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More Posts About Buildings and Food - Blather. Rants. Repeat.
A Møøse once bit my sister ...
More Posts About Buildings and Food
(Or, obscure refererences for 800, Alex;))

First half of the title is a bit of a stretch. Maybe I can make it out to be about buildings I'm usually not in- like malls. I pulled a twofer at one of our area's rapidly decaying temples of  retail, and got out without spending a nickel. Not that there are many places left to spend anything. Macy's (nee Hengerers/Sibleys/Kaufmann's) is now an antique emporium; most of the clothing stores of the 80s are now salons and cell phone hawkers.  (There's still a Spencer Gifts, though; I don't think even nuclear war will kill THAT.)

Stop One was LensCrafters. I'd stupidly stepped on the older pair of glasses which I reverted to after stepping on a more recent pair more irreparably, but this pair needed just a quick adjustment and I was good to go. And so I went to a storefront I remember originally being a video arcade in the 80s, which the current tenant, the UNYTS blood drive walk-in center, has retained the tacky walls from-

That's a file photo of the Auntie Ann's pretzel mascot- yeah, the mall can't kill THEM off, either- but I was there to see if I needed to be prescreened for my first-ever platelet donation at the end of next week.  A friend does it often, and was looking for a donation buddy for the process-  it's no more painful, needle-wise, but it just takes longer.  I had some issues with regular donation (it was through a rejection there that I found out I was hypertensive several years ago and I am now medicated for it), but apparently I'll be fine for it as long as I don't take aspirin, visit England, or get a tat between now and then.

Then, last night and this morning brought another, weird, building story.

Last weekend, the Rochester daily paper (or what little is left of it) published a story about a house on the market in our old neighborhood there.  Making it unusual is that it was the scene of a grisly (and still unsolved) ax murder over 35 years ago.  The reporter quoted one realtor, unaffiliated with the selling family but who had shown the house to a potential buyer not knowing its history. (New York requires disclosure of dozens of things concerning homes' structure, repair histories and some neighborhood aspects, but not whether somebody died in the house unless a buyer asks about it point-blank. Yes, I said that.)

The reporter did not interview the owners, or the realtor who had the listing- and one of the sellers was none too pleased about it. (The "Karen" she refers to in her public Facebook post about it is the paper's editor):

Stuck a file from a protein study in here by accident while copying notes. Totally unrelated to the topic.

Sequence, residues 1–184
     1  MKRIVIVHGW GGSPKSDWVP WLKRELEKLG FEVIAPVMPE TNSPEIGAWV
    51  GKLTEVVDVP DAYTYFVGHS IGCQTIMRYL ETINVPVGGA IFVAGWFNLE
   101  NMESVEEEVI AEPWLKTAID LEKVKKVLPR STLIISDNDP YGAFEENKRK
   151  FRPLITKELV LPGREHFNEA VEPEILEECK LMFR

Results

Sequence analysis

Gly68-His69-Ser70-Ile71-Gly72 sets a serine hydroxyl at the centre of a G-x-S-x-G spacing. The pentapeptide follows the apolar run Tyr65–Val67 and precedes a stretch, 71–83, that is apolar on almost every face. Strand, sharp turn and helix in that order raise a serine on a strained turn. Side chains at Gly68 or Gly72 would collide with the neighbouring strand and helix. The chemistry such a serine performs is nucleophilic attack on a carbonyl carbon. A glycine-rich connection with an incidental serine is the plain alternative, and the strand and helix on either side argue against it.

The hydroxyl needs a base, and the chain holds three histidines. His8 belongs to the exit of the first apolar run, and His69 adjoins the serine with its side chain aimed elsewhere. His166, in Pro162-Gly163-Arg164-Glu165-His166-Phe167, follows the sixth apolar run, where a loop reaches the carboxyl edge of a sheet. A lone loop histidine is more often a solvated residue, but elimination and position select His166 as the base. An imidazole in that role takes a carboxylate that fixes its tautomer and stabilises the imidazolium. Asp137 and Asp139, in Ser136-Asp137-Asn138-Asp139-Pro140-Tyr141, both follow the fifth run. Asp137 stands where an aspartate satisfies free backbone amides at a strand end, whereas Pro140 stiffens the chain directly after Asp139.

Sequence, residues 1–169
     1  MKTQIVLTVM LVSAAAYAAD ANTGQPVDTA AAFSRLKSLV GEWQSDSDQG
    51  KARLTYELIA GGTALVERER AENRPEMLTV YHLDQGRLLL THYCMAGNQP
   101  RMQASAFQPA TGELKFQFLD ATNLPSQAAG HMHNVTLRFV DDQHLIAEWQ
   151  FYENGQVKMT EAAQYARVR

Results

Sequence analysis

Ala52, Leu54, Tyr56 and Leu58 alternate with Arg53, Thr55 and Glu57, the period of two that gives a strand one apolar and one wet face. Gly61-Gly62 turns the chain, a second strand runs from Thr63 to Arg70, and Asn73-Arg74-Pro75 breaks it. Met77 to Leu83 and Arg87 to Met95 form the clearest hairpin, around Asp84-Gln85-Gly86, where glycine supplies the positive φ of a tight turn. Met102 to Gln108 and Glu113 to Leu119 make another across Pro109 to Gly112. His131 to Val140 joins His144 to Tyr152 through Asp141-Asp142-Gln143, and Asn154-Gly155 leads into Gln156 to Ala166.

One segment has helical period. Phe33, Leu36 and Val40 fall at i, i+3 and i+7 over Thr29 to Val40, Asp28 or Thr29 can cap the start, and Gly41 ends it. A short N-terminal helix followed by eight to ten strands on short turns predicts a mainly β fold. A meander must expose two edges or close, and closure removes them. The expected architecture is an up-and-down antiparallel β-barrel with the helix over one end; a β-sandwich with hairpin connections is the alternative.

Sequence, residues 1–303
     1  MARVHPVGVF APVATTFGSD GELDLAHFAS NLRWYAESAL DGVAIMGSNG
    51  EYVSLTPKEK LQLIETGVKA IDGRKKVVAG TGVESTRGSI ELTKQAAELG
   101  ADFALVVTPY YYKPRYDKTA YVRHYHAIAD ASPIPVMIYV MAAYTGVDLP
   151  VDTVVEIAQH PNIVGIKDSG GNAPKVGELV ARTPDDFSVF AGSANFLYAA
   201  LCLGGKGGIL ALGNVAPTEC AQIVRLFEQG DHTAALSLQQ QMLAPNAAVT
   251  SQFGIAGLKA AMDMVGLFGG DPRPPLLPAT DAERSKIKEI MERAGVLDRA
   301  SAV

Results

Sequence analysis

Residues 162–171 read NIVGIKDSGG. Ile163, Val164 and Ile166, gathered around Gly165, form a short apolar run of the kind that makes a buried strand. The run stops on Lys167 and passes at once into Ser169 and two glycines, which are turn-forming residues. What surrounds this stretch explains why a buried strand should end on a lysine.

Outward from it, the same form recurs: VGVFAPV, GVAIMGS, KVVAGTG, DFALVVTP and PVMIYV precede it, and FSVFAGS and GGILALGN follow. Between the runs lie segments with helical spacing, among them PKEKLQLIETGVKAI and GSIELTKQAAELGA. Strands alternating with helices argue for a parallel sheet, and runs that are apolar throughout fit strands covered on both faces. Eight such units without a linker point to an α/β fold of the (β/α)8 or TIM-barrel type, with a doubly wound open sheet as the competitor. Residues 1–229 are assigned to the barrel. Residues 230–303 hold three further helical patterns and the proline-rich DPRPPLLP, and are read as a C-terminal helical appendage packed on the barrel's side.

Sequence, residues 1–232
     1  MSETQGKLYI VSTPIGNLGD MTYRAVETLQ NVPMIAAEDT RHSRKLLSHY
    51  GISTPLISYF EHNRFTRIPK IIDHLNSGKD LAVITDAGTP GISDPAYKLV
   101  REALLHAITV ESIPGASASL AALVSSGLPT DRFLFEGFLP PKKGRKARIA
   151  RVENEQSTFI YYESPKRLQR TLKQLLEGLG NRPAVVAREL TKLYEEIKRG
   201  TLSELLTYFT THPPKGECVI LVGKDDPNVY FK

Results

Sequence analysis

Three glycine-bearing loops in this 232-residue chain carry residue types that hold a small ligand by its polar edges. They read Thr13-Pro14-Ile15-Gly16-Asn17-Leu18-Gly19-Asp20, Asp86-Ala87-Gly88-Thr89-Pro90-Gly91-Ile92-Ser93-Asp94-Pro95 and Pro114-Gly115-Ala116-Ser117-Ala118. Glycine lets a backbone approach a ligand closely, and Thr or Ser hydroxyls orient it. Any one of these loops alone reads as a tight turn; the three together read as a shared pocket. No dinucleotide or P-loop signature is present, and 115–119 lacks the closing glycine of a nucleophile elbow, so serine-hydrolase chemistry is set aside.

Just because you can, doesn't mean you should. As the owner of the "Murder House" as your staff writer calls it, I cannot possibly fathom what the newsworthiness was of the article you published this past Saturday. The content (except for the fact that the home is now for sale) was all regurgitated from articles that had been published in the past, at times when the news story was, in fact, newsworthy. So what possible reason could there have been behind the decision to publish the article other than to sensationalize a 35 year old crime and devalue a family home?

She's got a point, to a point- I think it likely, for one thing, that some genius editor decided that it was a nice Halloweeny spooky story to go with for the first weekend of October.  But boo on them for not at least trying to get a quote from the owner or their agent. At the same time, it seems clear the owner didn't want this fact disclosed- and to paraphrase her,  just because you don't have to, doesn't mean you shouldn't.

The home looks beautiful in its online presentation, was priced way below market for that neighborhood even before the story broke, and is as likely to attract a curious buyer who doesn't care about the history (or maybe like it as a conversation piece) as it will repel others.


Now that I've got the ax murder out of the way, some words about food as promised:

The restaurant from last weekend did get back to me after I private-messaged the owner- they were partly conciliatory, partly appreciative that we didn't go all Yelp Smash on them, but were not entirely apologetic.  They said they "do consider the Kitchen Counter (what we considered "the bar," because it was) reservable seating," and that they would try to find a way to make that clearer when you're booking through Open Table.  They also offered a gift certificate that would basically cover one entree and a starter.  That seems fair, although with Eleanor not likely to be able to sit at a real table anytime after Sunday, we'll have to keep that one in abeyance.  Wherever "A Beyance" is on a map, anyway.

Yes, all systems are go for the surgery Monday morning. We wrangled the wheelchair into the back of Eleanor's car yesterday, and she ordered a camping toilet tonight.  (Would you like me to go back to writing about ax murders?)  I also took a crack at making part of tonight's meal without much intervention from the foodie; she only stopped me from screwing up a measure of a "cup" that meant liquid ounces after every previous ingredient had been fractions of dry-measure "cups."  This would be so much easier if we'd gone metric instead of insisting on measuring shit based on the size of medieval English kings' penises and such.  It ultimately turned out okay, so I'm optimistic that we won't starve while she's on the couch.

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weebleswobble From: weebleswobble Date: October 7th, 2017 09:28 pm (UTC) (Link)
hope her surgery goes well.
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